The bench press. Picture if you will, being pinned down on your back. A heavy object threatens to crush your chest, be it a falling tree, a large boulder or your primal ancestor gripping their flint tipped spear as some fearsome predator desperate to finish them off for good snaps and snarls down at their throat. All you can do in this instant is push, grab the foe and drive up and away from your body with all of your might. Such is the same with the Bench Press. A heavy barbell, weighed down not just with iron plates of countless kilograms but also your own fears and doubts that you will be able to get it back up once you commence the lift. You take a deep breath, hoist the weight from the rack, lower it to your chest and then PUSH. Push with all your might.


That is the exercise, but what else other than bench can we do to make the lift stronger and why should you do more than just bench?

To answer the second part first, you should do assistance work in order to add power, control and endurance in the muscle you are using for the lift and to build more mobility and a stronger motion for the barbell as you lift it. The mobility exercises below will help to add more muscle fibre adding to the overall available power in each rep. Or they may help build stability in order to allow you to give a more focused drive throughout the rep and not waste energy in attempting to control or balance the path of the barbell from touching the chest to conpleted lift.

Here is my typical bench Press focused programme:

  • 10 minutes of stretching and mobility work
  • Bench press – 1-2 warm up sets followed by 3 sets  of 5, 3 or 1 repetitions 
  • Assistance movement 1 – 4 sets of 8 reps
  • Assistance movement 2 – 3-4 sets of 8-12 reps
  • Light stretching and occasionally some short cardiovascular work

What lifts do I use?

  1. Incline dumbbell press – this movement is good for several things when it comes to aiding your efforts to build a big bench press. Firstly it builds more muscle fibre to give you more bang for your buck with each rep. It also aids balance as each hand is loaded individually as opposed to the double handed grip of a barbell and this can allow for a more even pressing effort when it comes back to the barbell. I normally perform 4 sets of 8 reps with this movement right after my bench press to add more muscle activation and also continue to work on my pressing.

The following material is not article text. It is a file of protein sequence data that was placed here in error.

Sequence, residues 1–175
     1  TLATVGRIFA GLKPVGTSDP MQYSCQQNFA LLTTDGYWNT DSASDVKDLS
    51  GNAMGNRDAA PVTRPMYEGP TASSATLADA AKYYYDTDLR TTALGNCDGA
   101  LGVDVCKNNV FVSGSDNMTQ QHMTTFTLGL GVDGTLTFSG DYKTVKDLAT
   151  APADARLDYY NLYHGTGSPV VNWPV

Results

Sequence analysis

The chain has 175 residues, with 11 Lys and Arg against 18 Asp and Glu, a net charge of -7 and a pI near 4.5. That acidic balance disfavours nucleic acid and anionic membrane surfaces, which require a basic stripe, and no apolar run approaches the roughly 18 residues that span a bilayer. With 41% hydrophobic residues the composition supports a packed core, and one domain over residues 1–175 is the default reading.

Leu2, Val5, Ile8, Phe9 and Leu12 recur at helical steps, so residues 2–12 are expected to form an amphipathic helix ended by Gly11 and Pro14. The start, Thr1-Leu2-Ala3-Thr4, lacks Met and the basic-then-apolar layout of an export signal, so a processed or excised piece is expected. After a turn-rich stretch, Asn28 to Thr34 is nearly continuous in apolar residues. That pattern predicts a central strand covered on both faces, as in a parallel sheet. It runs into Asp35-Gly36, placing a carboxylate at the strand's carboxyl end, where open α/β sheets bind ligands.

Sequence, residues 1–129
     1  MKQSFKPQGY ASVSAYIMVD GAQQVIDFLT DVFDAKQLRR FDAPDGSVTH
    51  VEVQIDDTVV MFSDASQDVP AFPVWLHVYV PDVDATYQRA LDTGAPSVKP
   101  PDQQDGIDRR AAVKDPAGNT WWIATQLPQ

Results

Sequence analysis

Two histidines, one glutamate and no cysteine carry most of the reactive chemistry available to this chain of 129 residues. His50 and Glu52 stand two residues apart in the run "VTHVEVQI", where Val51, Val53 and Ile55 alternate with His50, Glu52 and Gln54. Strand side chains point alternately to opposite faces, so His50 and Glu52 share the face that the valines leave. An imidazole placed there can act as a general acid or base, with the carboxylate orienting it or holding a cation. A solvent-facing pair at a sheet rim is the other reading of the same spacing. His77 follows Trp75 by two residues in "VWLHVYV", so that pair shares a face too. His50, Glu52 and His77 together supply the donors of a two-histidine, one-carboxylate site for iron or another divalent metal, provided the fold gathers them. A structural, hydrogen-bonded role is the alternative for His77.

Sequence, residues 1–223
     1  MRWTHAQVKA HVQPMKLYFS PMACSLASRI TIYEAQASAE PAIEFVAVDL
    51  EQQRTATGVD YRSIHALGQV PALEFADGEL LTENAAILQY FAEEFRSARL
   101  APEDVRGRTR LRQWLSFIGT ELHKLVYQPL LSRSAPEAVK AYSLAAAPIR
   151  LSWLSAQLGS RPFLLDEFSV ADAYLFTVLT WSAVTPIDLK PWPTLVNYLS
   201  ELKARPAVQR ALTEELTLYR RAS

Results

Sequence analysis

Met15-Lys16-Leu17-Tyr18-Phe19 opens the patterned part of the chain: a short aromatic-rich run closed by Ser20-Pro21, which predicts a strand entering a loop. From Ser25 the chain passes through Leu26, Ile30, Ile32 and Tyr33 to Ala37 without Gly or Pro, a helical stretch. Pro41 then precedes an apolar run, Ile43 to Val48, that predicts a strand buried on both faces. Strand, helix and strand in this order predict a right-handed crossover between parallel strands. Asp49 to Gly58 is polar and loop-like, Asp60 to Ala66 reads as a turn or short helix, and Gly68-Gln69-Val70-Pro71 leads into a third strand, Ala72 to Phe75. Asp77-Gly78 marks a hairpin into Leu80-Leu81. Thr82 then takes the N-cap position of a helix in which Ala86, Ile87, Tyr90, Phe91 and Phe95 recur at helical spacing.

2. Close grip bench press –this is a great way to build your triceps further for the bench press. Most of us have two main fail points with pressing exercises. Either the beginning which is all cheer or shoulders and the lock out portion which is predominantly triceps. By using a close grip option you can get lots of benefits. Firstly it forces the chest to work harder at the bottom and the triceps to work harder at the top portion of the lift so when you do the normal exercise you may find a more smooth effort is granted. Secondly it trains the triceps in almost a mirror image movement to the oft you are trying to improve. It is also still workin. As a compound lift rather than in isolation like say a triceps cable push down exercise. I would normally use this option as my first assistance move or as an alternative to the bench press. 4 sets of 5-8 reps.
  3. Dips – working on that deep triceps and chest drive again this is another great bench assistance exercise. It also is good for improving mobility of the shoulder and improving the overall endurance of the chest as it can be done both weighted and body weight for high reps. Normally I use this exercise last and do 3-4 sets of weighted sets for 10reps. Or I will do body weight to failure a few times. Just be carful to not over stretch or over weight your efforts to avoid shoulder or rotator cuff injury.
  4. Bent arm pull over – focusing more on building the chest, Lara and serratus muscles this exercise is great for adding stability and control to your lift whilst building a large frame and deep chest. I normally go for 4 sets of 8-10 reps and as the first assistance movement.
  5. Shoulder press – a little different as the chest isn’t really firing here but it provides the other main driving muscles. Shoulders and triceps as well as core stability and control providing you are performing a standing barbell / dumbbell press and not using a machine. I normally use this as the first assistance movement when I put it in the programme but I also have an overhead press day so it normally stays there instead but I can vary it and use it when I am focusing more on bench. 4 sets of 5-8 is my standard go to when using it for assistance work.

When choosing the right exercise it often depend on how I am feeling. If I am feeling good then a few heavier exercises like incline Dumbbells and shoulder press are the choice but if I am fatigued or sore then body weight or maybe even just stretching is my go to.

Remember also that the assistance work doesn’t have to be done on the same day as the main lifts and can also be used as a deload weeks training using perhaps body weight dips and push ups and some shoulder press work to help develop the chest and bench pressing muscles without overloading the joints or muscles for that week.

DEADLIFTS are up next so make sure to check it out. And if you missed it check out our SQUAT assistance work post from last week!

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